SUGAR CRUSH

Woman Steals $1,700 from Disabled Mother to Feed Candy Crush Addiction

Charming.
You can check out any time you like, but you can never leeeave! (Screengrab: iTunes)

You can check out any time you like, but you can never leeeave! (Screengrab: iTunes)

The love of a family is life’s greatest blessing, they say.

In other news, a completely grown-up UK woman stole over £1,000 (US$1,705) from her disabled mother to feed her crazy Candy Crush addiction, the Telegraph reports.

The 45-year-old woman, Sally-Anne Turner, had access to her mother’s bank account when she acted as her caregiver. The mother noticed money disappearing from her bank account between February 2012 and January 2014, coincidentally during the time that her daughter “became addicted to Candy Crush Saga and other online gaming sites.”

Ms. Turner received 12 weeks’ jail time with a year-long suspension, plus a three-month curfew between 8 p.m. and 6 a.m. We don’t see how forcing a person to spend evenings sitting at home alone is going to curb a Candy Crush addiction, but whatevz.

Ms. Turner was also ordered to pay the money back to her mother, but the mother has reportedly refused to accept it. The two have “resolved matters,” Ms. Turner’s lawyer told the court. Ms. Turner’s lawyer also said her client has quit playing Internet games.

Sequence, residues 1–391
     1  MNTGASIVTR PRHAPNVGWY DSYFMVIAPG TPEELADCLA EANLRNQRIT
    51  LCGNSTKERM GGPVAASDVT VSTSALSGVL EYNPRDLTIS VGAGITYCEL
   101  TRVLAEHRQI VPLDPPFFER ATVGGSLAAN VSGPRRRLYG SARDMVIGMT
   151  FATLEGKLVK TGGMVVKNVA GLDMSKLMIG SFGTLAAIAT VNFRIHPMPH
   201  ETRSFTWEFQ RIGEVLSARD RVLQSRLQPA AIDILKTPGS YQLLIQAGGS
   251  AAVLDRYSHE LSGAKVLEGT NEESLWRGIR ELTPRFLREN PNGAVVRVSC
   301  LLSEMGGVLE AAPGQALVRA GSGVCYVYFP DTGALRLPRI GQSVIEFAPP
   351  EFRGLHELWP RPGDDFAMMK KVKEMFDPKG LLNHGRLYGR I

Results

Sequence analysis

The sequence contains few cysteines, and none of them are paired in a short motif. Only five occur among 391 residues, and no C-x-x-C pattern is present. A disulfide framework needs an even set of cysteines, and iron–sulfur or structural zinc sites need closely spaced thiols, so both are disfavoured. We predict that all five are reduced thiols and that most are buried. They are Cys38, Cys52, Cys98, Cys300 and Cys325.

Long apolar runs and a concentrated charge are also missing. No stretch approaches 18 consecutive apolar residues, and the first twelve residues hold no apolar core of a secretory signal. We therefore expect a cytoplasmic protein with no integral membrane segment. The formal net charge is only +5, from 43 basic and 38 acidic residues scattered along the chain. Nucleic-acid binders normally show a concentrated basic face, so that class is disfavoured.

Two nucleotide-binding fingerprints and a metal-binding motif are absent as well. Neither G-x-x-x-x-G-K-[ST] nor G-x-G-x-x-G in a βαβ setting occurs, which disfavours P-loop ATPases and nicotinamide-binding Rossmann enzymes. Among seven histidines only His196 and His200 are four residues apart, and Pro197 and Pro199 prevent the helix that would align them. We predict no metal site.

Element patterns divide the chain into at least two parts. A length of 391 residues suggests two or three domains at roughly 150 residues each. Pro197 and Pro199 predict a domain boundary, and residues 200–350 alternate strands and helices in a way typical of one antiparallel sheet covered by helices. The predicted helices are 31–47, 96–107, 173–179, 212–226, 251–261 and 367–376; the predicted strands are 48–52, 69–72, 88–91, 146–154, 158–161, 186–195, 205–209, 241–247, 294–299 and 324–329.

Though Candy Crush is free to download, users can shell out real-life money for extra lives, extra moves and something called a “lollipop hammer,” according to the iTunes store.

Shortly after Candy Crush was valued at $7.1 billion in April, The Guardian explored all the reasons why otherwise mature adults can’t stop playing a dopey candy-themed iPhone game.

To start, there are the dopamine releases. The first Candy Crush levels are quick and easy to win, allowing for frequent releases of dopamine in your brain. As the levels become more difficult, the dopamine secretions become less frequent — making you long for them even more.

Then there’s the fact that winning is based on chance. Just like with slot machines, you’re more likely to arbitrarily win than lose, making it extra exciting to win. Also like some slot machines, the game uses imagery of candy — “tying our happy associations and the pleasure we derive from eating into the game,” according to the Guardian.

Lastly, Candy Crush puts a limit — five losses — on how many rounds you can play before you get a time-out from the game. The mandatory time-out means you’re often left unsatisfied when you stop playing the game, and extra eager to start playing again.

But hey, as long as you don’t grow into a psychotic gambling addict or neglect important parenting duties, we say play away, nerds.

Follow Jordyn Taylor on Twitter or via RSS. jtaylor@observer.com